Tag Archives: Point

Point things out

Point things out

Skies, stars, trees, flowers, animals, buildings, people, views, colours, textures, effects,
sounds, sensations… Anything that moves or intrigues you.

Build a cairn in young garden or in a secret place in the park.
Gather together a small collection of white pebbles collect them when you notice them – and on each wonderful or momentous day (a day to mark with a white stone), add one stone to the cairm.

Stomp. Gather together lots of household objects that make a pleasing, percussive noise and jam with your children, making rhythms on whatever comes to hand, stamping your feet and dancing to the different beats you create.

Invent your own traditions. Develop your own traditions. Develop some unique rituals with your kids. You might let them eat some chocolate from their stockings before breakfast on Christmas mornings, have an annual midnight feast or pitch a tent in the garden from which to watch the stars on a summer’s birthday. Whatever they are, indulge in traditions that are magical for your children and that they will remember for the rest of lives.

Show your children your old photos, so they will understand what you looked like before.
It’s also great idea to do your family photos while they are still young as they grow up so fast.

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Point out differences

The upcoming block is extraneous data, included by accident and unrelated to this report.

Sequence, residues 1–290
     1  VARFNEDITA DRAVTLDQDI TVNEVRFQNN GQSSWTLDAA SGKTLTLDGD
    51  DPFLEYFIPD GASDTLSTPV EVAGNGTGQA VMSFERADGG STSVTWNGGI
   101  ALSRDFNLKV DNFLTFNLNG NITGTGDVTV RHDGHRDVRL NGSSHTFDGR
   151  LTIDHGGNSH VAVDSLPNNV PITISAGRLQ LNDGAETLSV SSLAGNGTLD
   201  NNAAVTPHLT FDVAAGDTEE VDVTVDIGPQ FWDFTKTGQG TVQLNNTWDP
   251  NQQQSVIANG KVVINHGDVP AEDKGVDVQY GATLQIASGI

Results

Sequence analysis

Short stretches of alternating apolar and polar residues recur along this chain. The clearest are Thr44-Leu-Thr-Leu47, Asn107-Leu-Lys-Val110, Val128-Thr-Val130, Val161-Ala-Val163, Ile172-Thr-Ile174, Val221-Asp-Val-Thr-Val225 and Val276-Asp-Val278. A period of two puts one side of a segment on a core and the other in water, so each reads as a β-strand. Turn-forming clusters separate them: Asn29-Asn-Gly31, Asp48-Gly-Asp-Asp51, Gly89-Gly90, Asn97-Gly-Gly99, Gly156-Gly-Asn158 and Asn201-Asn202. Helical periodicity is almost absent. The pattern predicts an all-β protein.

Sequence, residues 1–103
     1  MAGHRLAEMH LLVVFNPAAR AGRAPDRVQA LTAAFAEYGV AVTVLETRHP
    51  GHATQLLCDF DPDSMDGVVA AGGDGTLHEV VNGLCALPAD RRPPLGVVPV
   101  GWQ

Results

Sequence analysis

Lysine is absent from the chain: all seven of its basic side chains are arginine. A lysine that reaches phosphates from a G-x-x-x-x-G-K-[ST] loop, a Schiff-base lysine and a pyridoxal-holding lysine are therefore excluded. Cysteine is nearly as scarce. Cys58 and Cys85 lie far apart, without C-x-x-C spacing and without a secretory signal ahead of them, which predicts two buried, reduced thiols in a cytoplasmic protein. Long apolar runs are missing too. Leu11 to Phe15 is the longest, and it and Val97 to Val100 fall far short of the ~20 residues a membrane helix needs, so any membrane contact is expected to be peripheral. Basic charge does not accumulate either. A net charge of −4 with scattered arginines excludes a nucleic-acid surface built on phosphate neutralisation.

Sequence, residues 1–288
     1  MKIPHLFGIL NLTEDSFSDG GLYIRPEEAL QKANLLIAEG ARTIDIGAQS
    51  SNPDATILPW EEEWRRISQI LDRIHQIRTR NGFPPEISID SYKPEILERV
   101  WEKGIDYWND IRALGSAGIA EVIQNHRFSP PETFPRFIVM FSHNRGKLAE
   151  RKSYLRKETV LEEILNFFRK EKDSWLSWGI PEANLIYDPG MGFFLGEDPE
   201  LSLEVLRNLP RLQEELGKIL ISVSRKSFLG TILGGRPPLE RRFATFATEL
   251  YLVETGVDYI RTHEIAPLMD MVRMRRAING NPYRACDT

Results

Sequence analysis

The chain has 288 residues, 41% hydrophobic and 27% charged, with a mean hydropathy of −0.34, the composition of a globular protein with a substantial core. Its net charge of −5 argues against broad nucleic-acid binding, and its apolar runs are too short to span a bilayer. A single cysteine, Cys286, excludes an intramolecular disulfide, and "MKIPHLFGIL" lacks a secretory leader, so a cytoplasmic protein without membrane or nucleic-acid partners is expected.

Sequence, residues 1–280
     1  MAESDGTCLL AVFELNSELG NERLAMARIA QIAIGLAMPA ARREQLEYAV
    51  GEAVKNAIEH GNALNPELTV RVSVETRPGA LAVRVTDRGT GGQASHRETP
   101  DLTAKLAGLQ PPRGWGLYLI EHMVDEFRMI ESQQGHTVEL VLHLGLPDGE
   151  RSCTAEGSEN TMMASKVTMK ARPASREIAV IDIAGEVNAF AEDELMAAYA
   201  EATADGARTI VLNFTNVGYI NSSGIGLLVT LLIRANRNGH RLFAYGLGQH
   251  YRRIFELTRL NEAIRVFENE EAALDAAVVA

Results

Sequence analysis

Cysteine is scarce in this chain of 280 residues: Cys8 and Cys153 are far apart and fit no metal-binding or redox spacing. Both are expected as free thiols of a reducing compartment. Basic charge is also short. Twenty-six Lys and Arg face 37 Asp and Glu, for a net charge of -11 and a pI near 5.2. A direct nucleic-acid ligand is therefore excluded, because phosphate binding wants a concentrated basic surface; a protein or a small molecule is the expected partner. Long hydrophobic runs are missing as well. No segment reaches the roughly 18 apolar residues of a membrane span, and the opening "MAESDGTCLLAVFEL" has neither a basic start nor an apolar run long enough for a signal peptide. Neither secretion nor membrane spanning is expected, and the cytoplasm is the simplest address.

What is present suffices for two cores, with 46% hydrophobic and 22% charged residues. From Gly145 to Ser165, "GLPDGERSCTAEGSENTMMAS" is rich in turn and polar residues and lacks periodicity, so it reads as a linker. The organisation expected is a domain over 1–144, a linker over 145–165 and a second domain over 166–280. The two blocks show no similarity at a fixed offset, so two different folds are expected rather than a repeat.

Point out differences

Point out differences between things, such as different sorts of dogs, types of shops, varying landscapes or contrasting flowers. so that your young children start to observe and become interested in the diversity of the world around them.

Explore the senses, Make connections between different sexual experiences: sight, sound, taste, smell and touch. What colour do you think this music is? What sound banana make? What do you reckon blue smell of? Where older children might think you mad, younger ones are far more likely to accept such associations and try to offer answers.

Make associations between people and colours, sounds, shapes, fruits, drinks, landscapes anything. Sometime be the interviewer What sort of animal are you? What sort of shape are you? and at other times the interviewee. Older children will enjoy finding associations for all their friends. and then quizzing those friends to see if the associations tally.

When we photograph children, we always ask silly questions and make them answer and laugh.
That is how we capture those natural moments, so the children feel more comfortable in front of the camera, also. Please book me early if you are planing to have photo session with me.

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